Modern nuclear power designs are safer, but that isn't enough to rekindle the long-sought nuclear renaissance.
One year after the Fukushima nuclear disaster, nuclear power is either slogging ahead or at the end of the road, depending on which country you live in. How nuclear grows in the years ahead largely depends on whether new designs can demonstrate better safety and, more importantly, compete on price.
Rather than freeze nuclear's progress, Fukushima simply made it harder to make the case for building new plants, experts say. Indeed, one of the primary barriers to a nuclear renaissance is cheap natural gas, not public opinion.
"The nuclear renaissance was a very optimistic view that many new nuclear plants would be built, but the slowdown was largely triggered by events that occurred before Fukushima," said Andrew Kadak, a former professor of nuclear science and engineering at the Massachusetts Institute of Technology. Because of new drilling techniques, natural gas prices have plummeted in the last few years, making it more attractive.
"If natural gas is currently where it is, it's difficult to justify the large capital investment for electricity production for the long term. Nuclear is a 30- or 60-year commitment," Kadak said. Also stacked against nuclear are rising construction costs and regulatory delays, he said.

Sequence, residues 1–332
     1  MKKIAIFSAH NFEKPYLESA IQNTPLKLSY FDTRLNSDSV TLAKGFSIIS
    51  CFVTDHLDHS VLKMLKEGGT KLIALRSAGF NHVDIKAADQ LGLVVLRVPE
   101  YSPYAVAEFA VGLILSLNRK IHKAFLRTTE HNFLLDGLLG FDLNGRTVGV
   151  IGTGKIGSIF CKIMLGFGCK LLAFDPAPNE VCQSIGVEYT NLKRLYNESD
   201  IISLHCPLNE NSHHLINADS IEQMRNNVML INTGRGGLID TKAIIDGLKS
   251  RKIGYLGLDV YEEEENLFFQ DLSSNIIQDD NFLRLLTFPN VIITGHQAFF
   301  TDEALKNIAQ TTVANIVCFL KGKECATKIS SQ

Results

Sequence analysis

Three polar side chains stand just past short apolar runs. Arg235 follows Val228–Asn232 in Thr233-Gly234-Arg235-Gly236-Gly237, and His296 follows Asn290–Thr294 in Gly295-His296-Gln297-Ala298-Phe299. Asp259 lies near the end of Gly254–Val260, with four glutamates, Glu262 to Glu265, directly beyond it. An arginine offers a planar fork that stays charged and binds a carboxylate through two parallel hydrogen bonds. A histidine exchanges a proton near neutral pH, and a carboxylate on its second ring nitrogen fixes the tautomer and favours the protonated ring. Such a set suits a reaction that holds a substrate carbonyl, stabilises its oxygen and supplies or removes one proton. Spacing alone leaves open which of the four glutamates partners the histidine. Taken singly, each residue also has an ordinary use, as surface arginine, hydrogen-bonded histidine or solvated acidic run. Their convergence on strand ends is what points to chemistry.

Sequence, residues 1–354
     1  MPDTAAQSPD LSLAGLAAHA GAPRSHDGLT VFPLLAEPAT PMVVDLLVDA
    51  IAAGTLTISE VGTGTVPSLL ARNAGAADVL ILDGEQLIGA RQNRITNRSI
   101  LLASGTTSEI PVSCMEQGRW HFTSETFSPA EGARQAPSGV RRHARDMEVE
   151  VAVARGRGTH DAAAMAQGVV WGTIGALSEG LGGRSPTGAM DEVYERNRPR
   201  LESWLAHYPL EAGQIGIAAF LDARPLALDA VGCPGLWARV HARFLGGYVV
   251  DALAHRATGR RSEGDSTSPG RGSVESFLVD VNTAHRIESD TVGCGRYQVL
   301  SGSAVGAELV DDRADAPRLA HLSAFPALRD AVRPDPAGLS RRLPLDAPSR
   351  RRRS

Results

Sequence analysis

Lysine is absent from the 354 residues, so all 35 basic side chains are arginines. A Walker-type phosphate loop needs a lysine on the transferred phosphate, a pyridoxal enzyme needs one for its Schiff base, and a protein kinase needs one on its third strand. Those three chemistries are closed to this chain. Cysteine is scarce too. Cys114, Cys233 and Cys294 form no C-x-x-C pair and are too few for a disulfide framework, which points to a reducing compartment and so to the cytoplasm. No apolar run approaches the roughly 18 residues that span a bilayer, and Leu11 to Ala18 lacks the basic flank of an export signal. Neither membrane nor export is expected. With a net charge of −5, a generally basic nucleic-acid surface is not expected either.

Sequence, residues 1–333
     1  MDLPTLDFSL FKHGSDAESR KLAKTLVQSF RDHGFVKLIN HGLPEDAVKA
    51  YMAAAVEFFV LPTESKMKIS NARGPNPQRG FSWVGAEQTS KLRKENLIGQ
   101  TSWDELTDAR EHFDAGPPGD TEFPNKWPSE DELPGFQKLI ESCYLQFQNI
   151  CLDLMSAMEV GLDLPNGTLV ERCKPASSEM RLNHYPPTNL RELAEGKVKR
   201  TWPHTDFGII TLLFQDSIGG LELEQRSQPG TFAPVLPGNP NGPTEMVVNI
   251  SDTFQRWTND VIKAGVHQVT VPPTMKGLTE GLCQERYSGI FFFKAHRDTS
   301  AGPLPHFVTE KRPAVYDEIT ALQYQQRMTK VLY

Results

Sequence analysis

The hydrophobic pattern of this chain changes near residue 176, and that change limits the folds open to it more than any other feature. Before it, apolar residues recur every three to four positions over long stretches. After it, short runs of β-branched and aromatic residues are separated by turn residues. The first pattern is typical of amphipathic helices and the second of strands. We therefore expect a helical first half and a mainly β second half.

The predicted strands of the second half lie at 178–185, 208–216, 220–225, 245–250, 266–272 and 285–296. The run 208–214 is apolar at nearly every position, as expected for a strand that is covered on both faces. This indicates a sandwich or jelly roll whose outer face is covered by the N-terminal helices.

At the same time, the Nuclear Regulatory Commission has been busier than ever in advancing new nuclear plants.
Late last year, it approved the Westinghouse AP1000, a plant type chosen by utilities in the U.S. and China. Last month, the NRC issued construction and operation permits--the first since 1978--for two reactors near Augusta, Ga., with expected price tags of $7 billion each. The intention is to have one running in 2016 and another in 2017.
From a financial point of view, the utilities involved at the Vogtle complex in Georgia are able to pay for the reactors because state regulators approved a fee that ratepayers are now paying on their bills. The project also gained a conditional loan guarantee of $8 billion from the Department of Energy.
Uneven global response
In other countries, the response to Fukushima has been lopsided, with some countries pulling back dramatically and others, like the U.S., only pausing to consider new safety standards.
After relying on nuclear for more than 20 percent of its electricity, Japan has stopped operation of all but two of its plants, which are expected to be unplugged, too. To replace nuclear plants, the country is relying on natural gas and renewable energy such as solar.
In another dramatic shift, Germany is phasing out its nuclear plants, which provide about one-quarter of its electricity. Switzerland stopped the advance of three planned plants while keeping its existing five operating, and Italy recently voted against nuclear expansion, according to Ann MacLachland, the European bureau chief for Platts Nuclear.